Russo: Implementing Scrum sessions. We started doing this in June 2017. How does this impact our customers? Well, each Scrum session we undertake involves a technology, service, or strategy that improves the user experience for customers, be it live chat, testing chat bots, getting ready for Black Friday, launching a referral marketing program, etc. We needed a better way to launch more customer programs with better agility and efficiency, with way better communication. Scrum has helped us achieve that.
Lunger: Our Innovation Lab in Tampa is a test-bed for all of our emerging technology. Our in-store testing of Virtual Reality 360 degree shopping experiences in our Tampa Ashley HomeStore has shown us how impactful VR and AR will be to our future. A new distribution initiative in 2017 is Local Customer Care (LCC) At our Retail Distribution Centers this is a team and process that scrutinizes any order requiring a re-delivery or exchange to ensure that we have clarity on the issue and can assure a solution the second time out.
In your view, what is the biggest challenge when it comes to customer contact and customer experience?
Russo: We all talk about personalization. And we all stress the fact that we need it. But are companies and brands going about it in the right away? Or at all? If you don’t have the right content and the right contact strategy (from content to media to timing to roadmap, etc) and you don’t have the right, agile technology powering your personalization and growing with you, personalization will fail. So the greatest challenge over the next few years is not the need for personalization. It’s getting it right!
Lunger: The greatest challenge we face is rapidly evolving guest expectations. A persons last “great service experience” becomes tomorrows minimum expectation. Due to the size and fragile nature of furniture, it is more challenging to distribute and service specifically in the “final mile”. Blending technology platforms to ensure we have inventory managed across the globe to ensure a seamless delivery process is complicated due to our size (30M pcs of furniture delivered annually)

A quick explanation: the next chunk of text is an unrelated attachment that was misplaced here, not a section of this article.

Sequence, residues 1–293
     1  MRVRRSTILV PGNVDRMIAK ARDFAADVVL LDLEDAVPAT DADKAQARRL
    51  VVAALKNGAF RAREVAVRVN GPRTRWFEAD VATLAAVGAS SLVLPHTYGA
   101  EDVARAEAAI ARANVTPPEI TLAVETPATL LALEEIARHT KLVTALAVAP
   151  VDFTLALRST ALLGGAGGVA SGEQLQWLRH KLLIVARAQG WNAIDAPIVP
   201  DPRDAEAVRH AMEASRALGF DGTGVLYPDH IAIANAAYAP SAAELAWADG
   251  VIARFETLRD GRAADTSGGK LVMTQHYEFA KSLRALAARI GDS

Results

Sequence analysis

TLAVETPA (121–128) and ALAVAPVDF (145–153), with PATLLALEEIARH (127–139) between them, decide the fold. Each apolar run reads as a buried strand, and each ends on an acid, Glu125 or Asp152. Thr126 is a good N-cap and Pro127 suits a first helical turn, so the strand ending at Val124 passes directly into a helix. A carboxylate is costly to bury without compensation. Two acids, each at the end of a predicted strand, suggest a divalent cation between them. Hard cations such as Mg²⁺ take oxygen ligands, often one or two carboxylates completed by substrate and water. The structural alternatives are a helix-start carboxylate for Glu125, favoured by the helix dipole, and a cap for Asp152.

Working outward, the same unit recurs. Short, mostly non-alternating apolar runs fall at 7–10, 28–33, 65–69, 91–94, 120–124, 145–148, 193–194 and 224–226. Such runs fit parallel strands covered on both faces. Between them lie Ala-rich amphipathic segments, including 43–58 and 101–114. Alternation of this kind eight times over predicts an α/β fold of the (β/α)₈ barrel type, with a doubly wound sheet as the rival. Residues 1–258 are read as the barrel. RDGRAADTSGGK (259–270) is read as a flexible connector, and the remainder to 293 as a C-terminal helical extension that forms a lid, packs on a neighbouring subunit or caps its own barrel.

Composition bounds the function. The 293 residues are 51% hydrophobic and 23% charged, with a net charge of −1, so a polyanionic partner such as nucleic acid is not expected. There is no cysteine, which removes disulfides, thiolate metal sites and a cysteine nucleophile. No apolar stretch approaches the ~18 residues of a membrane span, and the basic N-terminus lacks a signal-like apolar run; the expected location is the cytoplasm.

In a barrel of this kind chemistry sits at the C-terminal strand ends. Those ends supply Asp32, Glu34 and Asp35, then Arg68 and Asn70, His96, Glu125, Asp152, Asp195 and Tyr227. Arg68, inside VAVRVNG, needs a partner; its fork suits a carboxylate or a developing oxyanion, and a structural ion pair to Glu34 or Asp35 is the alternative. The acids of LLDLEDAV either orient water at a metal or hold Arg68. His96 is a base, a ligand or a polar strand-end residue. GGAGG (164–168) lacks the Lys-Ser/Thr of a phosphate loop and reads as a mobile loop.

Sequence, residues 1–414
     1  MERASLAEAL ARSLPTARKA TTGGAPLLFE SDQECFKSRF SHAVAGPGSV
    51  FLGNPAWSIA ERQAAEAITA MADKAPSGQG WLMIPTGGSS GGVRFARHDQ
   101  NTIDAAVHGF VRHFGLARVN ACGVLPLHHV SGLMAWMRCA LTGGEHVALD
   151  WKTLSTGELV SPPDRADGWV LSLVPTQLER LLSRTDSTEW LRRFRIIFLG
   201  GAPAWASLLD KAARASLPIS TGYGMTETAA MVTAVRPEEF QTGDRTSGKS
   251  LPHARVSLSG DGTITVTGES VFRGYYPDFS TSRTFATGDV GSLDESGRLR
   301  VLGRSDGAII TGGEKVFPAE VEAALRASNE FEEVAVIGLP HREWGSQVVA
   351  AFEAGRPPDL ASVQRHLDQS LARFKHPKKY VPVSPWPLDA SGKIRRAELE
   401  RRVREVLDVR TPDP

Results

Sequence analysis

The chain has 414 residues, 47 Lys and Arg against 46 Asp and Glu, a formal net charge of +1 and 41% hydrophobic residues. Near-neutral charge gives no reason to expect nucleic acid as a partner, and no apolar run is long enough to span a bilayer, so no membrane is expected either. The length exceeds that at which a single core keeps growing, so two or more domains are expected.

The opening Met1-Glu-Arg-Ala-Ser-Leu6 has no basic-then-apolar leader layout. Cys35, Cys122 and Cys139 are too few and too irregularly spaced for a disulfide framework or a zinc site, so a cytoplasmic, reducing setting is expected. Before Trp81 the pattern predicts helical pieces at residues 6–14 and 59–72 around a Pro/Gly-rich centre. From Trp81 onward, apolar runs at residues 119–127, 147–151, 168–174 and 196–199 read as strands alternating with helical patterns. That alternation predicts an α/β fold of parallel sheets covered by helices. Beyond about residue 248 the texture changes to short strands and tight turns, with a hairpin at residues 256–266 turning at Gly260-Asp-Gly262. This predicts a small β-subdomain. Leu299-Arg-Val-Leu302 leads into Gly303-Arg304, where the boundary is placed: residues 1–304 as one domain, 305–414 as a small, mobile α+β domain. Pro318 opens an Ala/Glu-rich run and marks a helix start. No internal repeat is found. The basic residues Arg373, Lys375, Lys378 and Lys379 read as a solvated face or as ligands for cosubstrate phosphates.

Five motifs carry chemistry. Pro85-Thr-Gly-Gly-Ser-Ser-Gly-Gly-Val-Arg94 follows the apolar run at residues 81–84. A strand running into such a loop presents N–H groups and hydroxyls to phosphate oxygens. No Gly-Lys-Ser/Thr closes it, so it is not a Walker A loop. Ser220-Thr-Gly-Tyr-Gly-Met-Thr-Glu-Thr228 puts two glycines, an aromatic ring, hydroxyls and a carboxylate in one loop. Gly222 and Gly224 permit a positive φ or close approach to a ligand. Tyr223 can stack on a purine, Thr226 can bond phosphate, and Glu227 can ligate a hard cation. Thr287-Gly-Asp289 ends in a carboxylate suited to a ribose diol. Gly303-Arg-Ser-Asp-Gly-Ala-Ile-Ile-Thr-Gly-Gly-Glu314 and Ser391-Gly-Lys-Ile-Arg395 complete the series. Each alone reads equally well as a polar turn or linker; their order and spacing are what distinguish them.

There are so many technological advancements spurring transformation in both customer contact and customer experience. Which technology currently excites you the most? Why?
Russo: For me and my line of work, I think Chatbots, if done well, and virtual reality, are the ones that excite me.
VR in particular (which can also stand for Virtual Retailing) can be the next evolution of making online shopping easier and more fun. We lose that sometimes. Online shopping shouldn’t be stressful. The checkout process shouldn’t scare you. And items not fitting properly shouldn’t impede a purchase, especially if you can be up front and state your amazing and easy returns process (you do have a good one, right?)
So imagine if we can work on a solution that allows you to be 99% sure that the clothes you are about to buy will look good on you and fit just right? Not that’s something to be excited about. Coming from someone who loves to shop online, I know any doubt can alter confidence in the purchase decision (i.e. lead to an exit rather than a conversion).